Addiction

Dr. Vera Tarman: "Overconsumption of food without control"

Note: Free video offer at end of interview

Welcome to another installment of "10 Words or Less," in which I ask brief questions of interesting people and ask for brief responses in return. Today's participant is medical director of Renascent Treatment Group in Toronto; we participated in a discussion about food addiction at the Commonwealth Club of California. The 10-words-or-less thing is an ethic, not a limit, so please, no counting. It's not so easy, and besides, let's see you do it.

Dr. Vera Tarman, Renascent Treatment Group, TorontoName
Vera Tarman
Residence Toronto, Ontario, Canada
Family circumstance “Married, with four pets.”
Occupation Physician
Born when and where? “1957, in Germany.”
Anything notable about the circumstances? “For the first three years of my life, I lived in a convent for children.”
A formative event from childhood “My mother died when I was 14.”
Someone who has influenced your path in life, outside family “An aunt named Inge, who was like a mother to me. She was a nurse with a strong work ethic, and was always very encouraging of me.”


Nicole Avena: "Know what you're eating"

Nicole Avena, influential researcher on sugar addictionWelcome to another installment of “10 Words or Less,” in which I ask interesting people for brief answers to brief questions. Today’s participant is one of the world’s most accomplished researchers in food and addiction. Remember, please: No counting! “10 words” is about attitude, not addition, and besides, let’s see you do it. 

Name Nicole Avena, Ph.D.
Family status Lives in New Jersey, married, one child
Occupation Assistant Professor at University of Florida, Department of Psychiatry, and Visiting Research Associate at Princeton University, studying neuroscience, appetite, and addiction
Born when, where Point Pleasant, N.J., Oct 5, 1978
A formative event from your childhood “I was in a spelling competition in elementary school and that engendered a fondness for academic reward.”
Where’d you place? “I came in 2d.”
First paying job“Lifeguard at a yacht club.”
Something you took from that job “Aside from a nice tan each summer, I had the chance to teach several children to swim, and that taught me patience and how to negotiate.”
Someone outside your family who influenced you particularly “Bart Hoebel, who was a professor at Princeton and one of my mentors.”


Woeful misunderstanding of food, addiction

Over at medicaldaily.com, the writer Evan Winchester shows severe gaps in his understanding of the food experience of tens of millions of Americans in his April 22 piece, "Is Food Addiction a Real Eating Disorder?"

I was moved by his piece to offer three points of rebuttal, which I then decided to expand on and share beyond just the readers of his post. I hope the context will be sufficient...


Soda isn't the sole cause, but it's a great place to start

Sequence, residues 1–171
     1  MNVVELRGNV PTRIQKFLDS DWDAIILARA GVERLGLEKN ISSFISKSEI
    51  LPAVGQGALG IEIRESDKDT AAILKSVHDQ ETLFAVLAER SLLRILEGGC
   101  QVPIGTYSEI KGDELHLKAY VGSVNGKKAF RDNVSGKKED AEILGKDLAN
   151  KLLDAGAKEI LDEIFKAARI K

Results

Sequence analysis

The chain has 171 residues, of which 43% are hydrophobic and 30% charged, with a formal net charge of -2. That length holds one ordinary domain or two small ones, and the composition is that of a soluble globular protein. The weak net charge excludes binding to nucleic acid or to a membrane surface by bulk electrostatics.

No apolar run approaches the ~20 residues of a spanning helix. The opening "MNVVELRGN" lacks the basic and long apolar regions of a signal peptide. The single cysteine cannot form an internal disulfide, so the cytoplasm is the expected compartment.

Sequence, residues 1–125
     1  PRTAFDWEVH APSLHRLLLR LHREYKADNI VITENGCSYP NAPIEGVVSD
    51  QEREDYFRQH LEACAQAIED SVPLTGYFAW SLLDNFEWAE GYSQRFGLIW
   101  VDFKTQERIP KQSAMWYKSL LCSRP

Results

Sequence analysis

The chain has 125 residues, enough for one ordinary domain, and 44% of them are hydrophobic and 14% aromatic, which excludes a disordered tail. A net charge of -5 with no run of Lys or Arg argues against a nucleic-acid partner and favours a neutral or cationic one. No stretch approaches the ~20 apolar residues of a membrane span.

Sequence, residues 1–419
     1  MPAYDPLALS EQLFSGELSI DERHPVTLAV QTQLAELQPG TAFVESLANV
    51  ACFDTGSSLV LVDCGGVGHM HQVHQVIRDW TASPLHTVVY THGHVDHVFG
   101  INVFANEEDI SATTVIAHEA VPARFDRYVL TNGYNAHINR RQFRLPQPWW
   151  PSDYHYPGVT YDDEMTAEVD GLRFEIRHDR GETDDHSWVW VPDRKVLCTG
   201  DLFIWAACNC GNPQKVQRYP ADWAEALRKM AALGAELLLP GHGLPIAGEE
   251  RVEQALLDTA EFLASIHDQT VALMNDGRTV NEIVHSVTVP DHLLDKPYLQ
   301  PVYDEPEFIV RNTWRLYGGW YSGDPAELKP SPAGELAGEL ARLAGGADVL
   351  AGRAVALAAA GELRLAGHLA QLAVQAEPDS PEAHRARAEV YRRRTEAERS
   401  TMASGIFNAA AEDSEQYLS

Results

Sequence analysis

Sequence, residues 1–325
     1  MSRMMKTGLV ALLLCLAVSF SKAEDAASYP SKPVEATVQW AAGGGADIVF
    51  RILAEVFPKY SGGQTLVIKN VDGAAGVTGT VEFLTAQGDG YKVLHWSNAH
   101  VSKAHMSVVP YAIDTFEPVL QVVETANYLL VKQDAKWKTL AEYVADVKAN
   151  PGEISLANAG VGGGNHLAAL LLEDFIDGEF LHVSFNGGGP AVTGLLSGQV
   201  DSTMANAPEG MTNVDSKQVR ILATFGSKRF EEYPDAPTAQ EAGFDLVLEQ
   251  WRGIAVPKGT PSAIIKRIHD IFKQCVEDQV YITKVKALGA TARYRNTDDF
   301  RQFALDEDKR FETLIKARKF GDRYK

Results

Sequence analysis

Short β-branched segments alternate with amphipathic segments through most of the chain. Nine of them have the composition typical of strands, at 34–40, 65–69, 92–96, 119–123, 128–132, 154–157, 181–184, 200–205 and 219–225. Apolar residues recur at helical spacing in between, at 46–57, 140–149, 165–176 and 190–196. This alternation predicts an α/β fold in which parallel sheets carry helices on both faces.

Note to devious mouthpieces of Big Food ("Always with the negative waves, man."):

Something needn't the sole cause of a problem to be a cause of a problem. So when you fault any attempt to curb consumption of sugary sodas because soda isn't the sole cause of obesity, you're just obscuring the truth.

No, sugary soda is not solely responsible. The problem and its contributors are varied, confusing, and sometimes conflicting.


Buried under mountains of sugar

Taxonomy upgrade extras: 

The onslaught of sugar in the American diet and its effect on our ability to sense sweetness — and other outcomes — is the subject of this speech I gave to my Toastmasters club last week. The assignment was to present a researched and sourced contention.

Please love and share!

 


Just because we can, should we?

Taxonomy upgrade extras: 

I was reading a lengthy-but-completely-on-target article in the British newspaper The Telegraph on sugar dependence — boy, the Brits are much more on top of this topic than American media is — when I noticed this "top stories" box at its bottom.

Sex and food, yes, but the last entry is what moved me to share it.

"Low sugar hot fudge sauce" exemplifies what I consider some of the most pernicious threads of modern humanity:


The ED establishment throws a bone to biology

Taxonomy upgrade extras: 

I ran across a page from the National Eating Disorder Association that I thought was worth a few grafs (as in "paragraphs," a vestige of newspaper-ese). The page’s headline is “Factors That May Contribute to Eating Disorders.”

The good news  is that one of the subheadings is “Biological Factors That Can Contribute to Eating Disorders.” I, of course, expend a lot of my time promoting the biological aspect, without which “food addiction” would be the empty suit its detractors paint it.


Abstinence makes the body more aware

Taxonomy upgrade extras: 

I’ve got a big raspberry for the Polar beverages vendor at my local market. He lost focus in what I’m sure is a mind-numbing part of his job, and the result for me was a headache, dry mouth, and not a little bit of consternation.

It is a weakness of mine that no matter what I’m in that market for, I stop by the soda aisle and pop open a liter of whatever, and yesterday it was Polar's diet raspberry lime. I’m a fairly careful shopper, especially when it comes to sugar or sugar-free, and I was definitely in the sugar-free area.


One scary statement

I thought I was done blogging about my experiences at the Binge Eating Disorder Association's national conference, but a line uttered during the panel I participated in keeps clanging around in my head:

"When I hit 700 pounds, my health started to go down hill."

It was said by Marybeth Quist, who shared her experience as a bariatric surgery survivor on the panel. Even in a sharply sad story where even the ups had downs, that statement of hers has just kept coming back.


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